We’re just about to round the corner to a key consumer buying season: the fall. And about the only thing that’s certain is consumer uncertainty; but consumers aren’t giving up on conscious consumption. Nothing shows that more than the latest consumer trends from Google Searches. What do Google searches have to do with PR? Consumer media outlets keep a strong eye on consumer trends, and usually respond with seasonal content that matches the customer’s mood. Fitting into that season content is key to earning digitally savvy PR during the fall. There’s another important reason to get it right this fall: you’re likely to have a larger share of voice for any of your marketing efforts as some competitors will pull back, so if you’re not pulling back, or you’re jumping into the market now, it’s great timing because research shows that brands who stay with marketing during economic downturns, get ahead.

What does this mean for consumer brands?

It gives you insight into key themes you can use in your PR and marketing this year. While some of these facts seem contradictory, put these in context with what you’re seeing from your customers.

Searches for “specials this week” is up 60% year over year / Searches for “designer outlet” have grown 90% globally year over year

Keep in mind, that consumer spending remains strong, so this is about the consumer feeling the need to feel like they’re getting a deal. 31% of consumers say they are still rewarding themselves by buying things they want. Consumers haven’t stopped loving name brands, they’re just in need of a discount. They also want to feel their brand choices are premium choices.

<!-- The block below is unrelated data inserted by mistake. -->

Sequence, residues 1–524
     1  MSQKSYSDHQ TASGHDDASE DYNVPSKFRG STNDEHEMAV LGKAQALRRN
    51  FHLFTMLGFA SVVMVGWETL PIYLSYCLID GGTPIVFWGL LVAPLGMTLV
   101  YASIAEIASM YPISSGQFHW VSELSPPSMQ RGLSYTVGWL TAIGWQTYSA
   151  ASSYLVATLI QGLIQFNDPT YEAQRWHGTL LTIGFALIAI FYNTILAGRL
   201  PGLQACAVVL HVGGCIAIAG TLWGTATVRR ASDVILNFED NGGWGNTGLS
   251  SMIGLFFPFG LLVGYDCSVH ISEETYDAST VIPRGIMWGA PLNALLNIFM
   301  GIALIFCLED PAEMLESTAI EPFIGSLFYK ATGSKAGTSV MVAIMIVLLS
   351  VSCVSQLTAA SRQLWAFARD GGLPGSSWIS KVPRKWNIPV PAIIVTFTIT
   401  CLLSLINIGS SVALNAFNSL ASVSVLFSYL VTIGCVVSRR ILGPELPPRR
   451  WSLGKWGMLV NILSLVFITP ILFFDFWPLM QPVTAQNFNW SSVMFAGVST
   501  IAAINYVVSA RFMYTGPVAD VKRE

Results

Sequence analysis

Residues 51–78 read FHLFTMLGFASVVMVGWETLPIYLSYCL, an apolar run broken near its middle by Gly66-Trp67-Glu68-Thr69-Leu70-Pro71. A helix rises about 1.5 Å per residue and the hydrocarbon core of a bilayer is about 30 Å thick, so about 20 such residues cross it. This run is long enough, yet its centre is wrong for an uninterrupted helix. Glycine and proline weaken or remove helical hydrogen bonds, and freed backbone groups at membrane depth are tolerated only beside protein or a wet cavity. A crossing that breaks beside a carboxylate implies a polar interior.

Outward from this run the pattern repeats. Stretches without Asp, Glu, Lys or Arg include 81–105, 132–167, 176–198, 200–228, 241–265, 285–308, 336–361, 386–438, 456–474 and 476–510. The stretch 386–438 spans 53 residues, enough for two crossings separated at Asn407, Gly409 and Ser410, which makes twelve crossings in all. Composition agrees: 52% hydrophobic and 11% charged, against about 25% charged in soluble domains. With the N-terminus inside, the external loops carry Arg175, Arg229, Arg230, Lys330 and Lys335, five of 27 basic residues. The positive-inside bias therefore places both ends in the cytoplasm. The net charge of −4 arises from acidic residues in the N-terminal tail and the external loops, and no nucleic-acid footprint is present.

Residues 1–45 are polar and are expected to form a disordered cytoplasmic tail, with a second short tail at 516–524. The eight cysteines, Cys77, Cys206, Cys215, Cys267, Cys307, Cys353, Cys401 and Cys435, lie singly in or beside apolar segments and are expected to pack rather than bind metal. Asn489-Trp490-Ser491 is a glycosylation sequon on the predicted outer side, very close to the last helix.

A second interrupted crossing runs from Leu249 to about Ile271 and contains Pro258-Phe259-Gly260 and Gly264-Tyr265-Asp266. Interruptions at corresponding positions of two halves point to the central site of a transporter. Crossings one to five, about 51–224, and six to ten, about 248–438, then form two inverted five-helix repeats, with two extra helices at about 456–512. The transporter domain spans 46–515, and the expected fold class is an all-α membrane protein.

Luxury and premium brands with strong brand affinity should lead to smaller, more affordable items for the masses, rather than discount the brand. Premium consumer brands can use this mindset with bonus gifts.

Align your brand with premium publishing outlets by getting an early start on your consumer PR and ad re-targeting. Have your programmatic and PR teams talk before they launch their respective campaigns.

Consumer brands should publish any kind of black Friday promotions well in advance, and use competitor pricing as a benchmark (25% less than a comparable brand), to anchor value.

Now is also the time to focus on loyalty for existing customers. Don’t make your customers search you out. Be there during the key buying triggers for your customers. If your customers tend to buy on Fridays, be there on Thursday with the bonus giveaway or loyalty reward.